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Invest in EHR training to increase efficiency, improve physician well-being :

December 1, 2020

A recent study showed that clinicians spend about 16 minutes per patient using electronic health records (EHRs) for tasks such as chart review, orders and documentation (https://www.acpjournals.org/doi/10.7326/M18-3684). Studies also have shown that EHR use increases physicians’ frustration and can lead to burnout.

One way to reduce administrative burden is to invest time in training clinicians on how to use their EHR, said Kim Whalen R.N. M.S. C.C.R.N., a pediatric intensive care unit clinician and EHR educator. It is important that training is provided by physicians or nurses who use the system and understand the workflow.

EHR training includes three steps: onboarding, classroom training and one-on-one or “elbow support.”

Onboarding is the first step in the training process and varies with institution. Some institutions consider onboarding primarily administrative such as licensure, credentialing, creating a login account and personalizing the EHR interface or tools for the department. At other institutions, EHR onboarding consists of pretests and exercises.

The next step is several hours of hands-on computer classroom training focused on an individual’s clinical role and department. During the classroom experience, clinicians learn how to navigate the EHR efficiently, become familiar with inpatient and/or outpatient charting and flowsheets, focus on writing short, accurate notes geared toward clinical care rather than billing practice, and learn workflow customization.

“Nurses and physicians need training prior to their clinical duties, but it is also important when there are major updates or clinical duty changes,” said Whalen, an affiliate member of the AAP Council on Clinical Information Technology.

The last part of training is one-on-one or elbow support provided by a trainer, in-house training team or a supervisor or clinician in the practice who has received additional training. During this phase, providers are shown how to use the EHR effectively without creating workarounds, which can increase efficiency and decrease frustration.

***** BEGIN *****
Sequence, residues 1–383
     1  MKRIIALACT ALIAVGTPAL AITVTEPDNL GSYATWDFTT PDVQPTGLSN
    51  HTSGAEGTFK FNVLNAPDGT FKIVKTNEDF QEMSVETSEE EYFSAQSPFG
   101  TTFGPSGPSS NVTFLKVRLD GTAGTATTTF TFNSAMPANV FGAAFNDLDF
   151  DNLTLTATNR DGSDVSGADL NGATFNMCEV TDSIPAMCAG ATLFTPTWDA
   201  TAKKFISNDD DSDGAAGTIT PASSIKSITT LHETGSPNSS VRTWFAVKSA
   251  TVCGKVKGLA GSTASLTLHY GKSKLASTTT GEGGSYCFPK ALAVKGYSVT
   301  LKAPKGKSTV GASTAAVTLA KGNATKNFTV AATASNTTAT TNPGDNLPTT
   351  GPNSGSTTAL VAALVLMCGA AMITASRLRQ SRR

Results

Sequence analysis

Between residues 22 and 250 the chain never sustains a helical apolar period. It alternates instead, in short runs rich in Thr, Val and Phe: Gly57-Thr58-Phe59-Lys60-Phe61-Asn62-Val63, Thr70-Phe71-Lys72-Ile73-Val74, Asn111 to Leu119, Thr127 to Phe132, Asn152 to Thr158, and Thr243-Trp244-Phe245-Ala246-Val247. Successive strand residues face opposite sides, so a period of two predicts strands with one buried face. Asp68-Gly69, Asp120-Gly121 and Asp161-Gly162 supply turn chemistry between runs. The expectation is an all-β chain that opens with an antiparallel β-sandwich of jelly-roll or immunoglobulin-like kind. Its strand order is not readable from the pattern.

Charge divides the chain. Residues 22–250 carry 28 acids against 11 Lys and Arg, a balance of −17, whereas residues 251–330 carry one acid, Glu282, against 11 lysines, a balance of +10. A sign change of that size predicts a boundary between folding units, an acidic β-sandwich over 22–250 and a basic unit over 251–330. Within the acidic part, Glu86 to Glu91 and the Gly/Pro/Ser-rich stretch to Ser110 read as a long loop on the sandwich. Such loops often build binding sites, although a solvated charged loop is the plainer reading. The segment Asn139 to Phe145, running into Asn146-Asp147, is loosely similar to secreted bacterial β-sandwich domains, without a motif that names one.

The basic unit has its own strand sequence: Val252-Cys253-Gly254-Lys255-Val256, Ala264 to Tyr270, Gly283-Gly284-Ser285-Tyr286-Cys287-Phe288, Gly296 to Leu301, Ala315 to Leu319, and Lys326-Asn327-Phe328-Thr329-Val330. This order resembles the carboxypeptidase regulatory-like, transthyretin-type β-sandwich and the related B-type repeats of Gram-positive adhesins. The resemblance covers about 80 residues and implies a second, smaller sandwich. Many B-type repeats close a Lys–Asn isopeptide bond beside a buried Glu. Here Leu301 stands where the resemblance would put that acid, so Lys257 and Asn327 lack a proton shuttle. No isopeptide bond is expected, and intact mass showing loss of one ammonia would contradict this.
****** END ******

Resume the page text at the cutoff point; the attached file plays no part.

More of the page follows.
“A key component is setting up EHR personalization and assuring that clinicians can find critical clinical information,” Whalen said.

Due to the COVID-19 pandemic, EHR training is now being provided online using PowerPoint, online videos and webinar discussions with trainers.

According to Whalen, virtual EHR training has the following advantages:

  • Sessions can be scheduled without concerns for classroom capacity.
  • Material is consistent, self-paced and easily accessible with reduced downtime for attendees.
  • Updates can be communicated throughout a hospital system without requiring staff to attend in-person classes.
  • Modules contain hands-on practice sections and quizzes to improve engagement and understanding.

However, when training is self-directed, there are limited ways for participants to ask questions and for trainers to troubleshoot misunderstandings. In addition, there is less one-on-one support.

Despite the downsides, online, self-paced EHR training may be a long-term strategy to support clinicians in continuously improving their skills.

Investing in onboarding, classroom training and one-on-one support can save clinicians time and reduce their frustration with EHRs. Training is one step toward improving physician well-being and resilience.

Dr. Barr is a member of the AAP Council on Clinical Information Technology and chair of the Section on Medicine/Pediatrics Executive Committee.

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